How Are IT Companies Overcoming the Crisis?
- By Sun Hong Lim
- Aug. 11 2009 00:00
The word “crisis” has become a feature of our daily lives and the consequences of the economic downturn have been felt across the business world recently. For some the crisis spells the beginning of the end, while for others it represents the start of a new cycle of development. The IT industry as a whole felt the crisis hit in the second half of 2008. According to various estimates, the IT products and corporate services market segments have seen their sales figures reduced to 2005 levels. This happened mainly as a result of a cascading process of cut-backs in state-owned companies and business entities in which spending on long-term investments has been reduced due to the crisis, which then has had a knock on effect on IT equipment sales.
However, this unfortunate downturn in sales has not been observed in all IT spheres. For instance, the market for notebooks and netbooks is seeing steady growth. Today, netbooks already account for 14% of the notebook segment. New hotels have been opening across Russia and the television equipment segment for hotels has grown by 10-12% in 2009 compared with 2008.
In the first half of this year, the computer monitors segment has seen sales decrease almost two-fold in monetary terms compared with the first half of 2008. But Samsung has been able to maintain its good sales figures for its own monitors and even managed to achieve historic sales results, increasing its market share to over 38% in monetary terms.
Prior to 2008, the Russian market for laser printers grew by 25-30% each year. During the first half of 2009, sales for this segment of the market fell by more than 50% compared with the first half of 2008. However, despite the harsh market conditions, Samsung managed to increase its own sales.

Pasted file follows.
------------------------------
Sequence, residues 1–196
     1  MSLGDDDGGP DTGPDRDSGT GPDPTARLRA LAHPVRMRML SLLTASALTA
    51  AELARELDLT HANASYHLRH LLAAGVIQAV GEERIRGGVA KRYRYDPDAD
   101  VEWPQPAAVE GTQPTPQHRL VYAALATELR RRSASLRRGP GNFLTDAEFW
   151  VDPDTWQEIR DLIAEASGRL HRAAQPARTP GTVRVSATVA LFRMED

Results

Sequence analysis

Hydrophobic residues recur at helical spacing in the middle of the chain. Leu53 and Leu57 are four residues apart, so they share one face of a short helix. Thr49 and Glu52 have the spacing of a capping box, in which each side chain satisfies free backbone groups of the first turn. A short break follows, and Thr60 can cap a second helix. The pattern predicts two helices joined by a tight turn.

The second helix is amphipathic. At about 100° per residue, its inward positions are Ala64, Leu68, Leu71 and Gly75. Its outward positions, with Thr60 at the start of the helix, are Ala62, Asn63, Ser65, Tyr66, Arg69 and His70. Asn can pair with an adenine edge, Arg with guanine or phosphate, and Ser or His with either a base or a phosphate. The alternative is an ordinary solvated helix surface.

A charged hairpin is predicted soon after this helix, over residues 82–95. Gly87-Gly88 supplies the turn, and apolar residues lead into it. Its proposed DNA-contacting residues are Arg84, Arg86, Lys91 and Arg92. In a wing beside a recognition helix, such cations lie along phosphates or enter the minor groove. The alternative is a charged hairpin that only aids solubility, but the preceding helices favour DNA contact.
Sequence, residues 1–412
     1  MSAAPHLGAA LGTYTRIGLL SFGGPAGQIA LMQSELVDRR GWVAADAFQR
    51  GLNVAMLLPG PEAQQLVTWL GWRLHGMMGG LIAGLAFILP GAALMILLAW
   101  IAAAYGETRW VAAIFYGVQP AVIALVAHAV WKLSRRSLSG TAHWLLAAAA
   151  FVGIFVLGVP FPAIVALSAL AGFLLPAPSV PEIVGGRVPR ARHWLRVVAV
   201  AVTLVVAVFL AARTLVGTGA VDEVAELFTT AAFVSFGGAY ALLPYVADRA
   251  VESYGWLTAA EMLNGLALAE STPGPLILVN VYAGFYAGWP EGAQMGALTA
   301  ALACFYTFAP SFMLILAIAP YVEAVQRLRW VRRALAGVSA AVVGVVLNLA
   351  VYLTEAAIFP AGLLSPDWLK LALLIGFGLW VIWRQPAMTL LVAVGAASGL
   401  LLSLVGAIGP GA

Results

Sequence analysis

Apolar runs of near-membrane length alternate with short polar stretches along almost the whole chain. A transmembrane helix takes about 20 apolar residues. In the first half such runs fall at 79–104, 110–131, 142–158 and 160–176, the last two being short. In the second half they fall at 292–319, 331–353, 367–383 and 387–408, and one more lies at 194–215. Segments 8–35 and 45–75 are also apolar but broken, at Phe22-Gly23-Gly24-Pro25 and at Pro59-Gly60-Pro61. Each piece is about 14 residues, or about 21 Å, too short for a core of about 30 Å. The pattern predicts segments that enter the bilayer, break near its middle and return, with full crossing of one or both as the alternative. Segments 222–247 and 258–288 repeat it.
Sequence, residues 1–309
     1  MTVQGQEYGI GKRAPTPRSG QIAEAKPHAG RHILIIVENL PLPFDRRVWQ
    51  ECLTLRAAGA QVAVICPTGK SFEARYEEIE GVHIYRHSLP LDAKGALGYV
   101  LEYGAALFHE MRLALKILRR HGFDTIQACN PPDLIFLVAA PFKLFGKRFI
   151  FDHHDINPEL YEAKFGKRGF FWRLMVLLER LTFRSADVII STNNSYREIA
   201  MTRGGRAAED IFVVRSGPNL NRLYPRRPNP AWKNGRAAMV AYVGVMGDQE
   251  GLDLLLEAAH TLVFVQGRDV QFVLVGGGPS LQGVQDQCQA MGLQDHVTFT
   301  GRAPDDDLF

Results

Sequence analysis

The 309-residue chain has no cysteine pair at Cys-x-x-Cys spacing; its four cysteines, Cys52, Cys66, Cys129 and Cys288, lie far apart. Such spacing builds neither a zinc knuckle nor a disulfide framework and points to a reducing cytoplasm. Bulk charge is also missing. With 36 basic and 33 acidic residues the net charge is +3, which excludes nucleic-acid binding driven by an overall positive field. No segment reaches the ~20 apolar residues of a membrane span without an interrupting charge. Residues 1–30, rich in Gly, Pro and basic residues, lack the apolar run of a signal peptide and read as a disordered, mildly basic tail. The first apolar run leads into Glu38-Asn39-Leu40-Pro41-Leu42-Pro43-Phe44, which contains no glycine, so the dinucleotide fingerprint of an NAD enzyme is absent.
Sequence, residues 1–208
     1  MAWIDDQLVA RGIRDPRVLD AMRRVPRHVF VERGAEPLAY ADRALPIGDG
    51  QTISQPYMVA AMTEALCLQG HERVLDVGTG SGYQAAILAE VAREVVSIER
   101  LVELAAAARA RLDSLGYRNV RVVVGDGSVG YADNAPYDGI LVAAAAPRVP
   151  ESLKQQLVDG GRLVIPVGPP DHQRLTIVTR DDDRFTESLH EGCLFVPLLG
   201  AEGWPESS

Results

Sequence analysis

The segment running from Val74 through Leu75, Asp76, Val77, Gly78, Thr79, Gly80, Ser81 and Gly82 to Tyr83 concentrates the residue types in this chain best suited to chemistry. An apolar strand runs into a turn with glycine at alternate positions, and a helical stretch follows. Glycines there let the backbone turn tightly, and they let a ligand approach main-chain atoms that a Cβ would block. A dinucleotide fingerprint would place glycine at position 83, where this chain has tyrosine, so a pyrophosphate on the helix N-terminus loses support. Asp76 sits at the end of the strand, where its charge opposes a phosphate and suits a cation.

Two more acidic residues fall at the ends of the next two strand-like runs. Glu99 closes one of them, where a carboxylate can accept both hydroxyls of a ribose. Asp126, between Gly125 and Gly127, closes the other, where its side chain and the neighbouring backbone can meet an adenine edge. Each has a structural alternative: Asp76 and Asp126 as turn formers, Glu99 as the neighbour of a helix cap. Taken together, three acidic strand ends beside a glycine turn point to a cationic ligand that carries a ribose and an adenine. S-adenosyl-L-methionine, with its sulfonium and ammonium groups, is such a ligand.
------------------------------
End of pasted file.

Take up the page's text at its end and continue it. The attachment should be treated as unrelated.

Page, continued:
IT companies have had to take steps to optimize their businesses and to stabilize their positions in the market. The companies that already had anti-crisis plans in place are coping with this task much more successfully than those who did not.
Since the beginning of the crisis, the rules of a game have been changed. Companies that are prepared to offer customers an entire range of required equipment (including maintenance and services) have come out on top. Here, IT industry leaders providing the customer with a full range of services related to the supply of equipment, its installation and servicing, have been able to reap the rewards. Herein, lies one of the main advantages of Samsung, as the company can build integrated solutions for its own equipment. For instance, having its own warehouse and logistics center, assuming all risks at Customs, complete transition to operations in Russian rubles, its own manufacturing base in the Kaluga region and strong investment in R&D are all advantages.
At the end of the first quarter of 2009, the market clearly experienced an improvement in “spirit and mood” within the corporate segment. During the second quarter, public tenders and competitions for the supply of IT products were conducted and competitive applications from large commercial structures began to be received. This revival of the IT business is primarily connected with the appearance of clear investment programs in state-owned and large-scale commercial structures, as well as encouraging signs of economic stabilization. As a consequence, it is now possible with cautious confidence to talk about the beginning of stabilization within the IT business.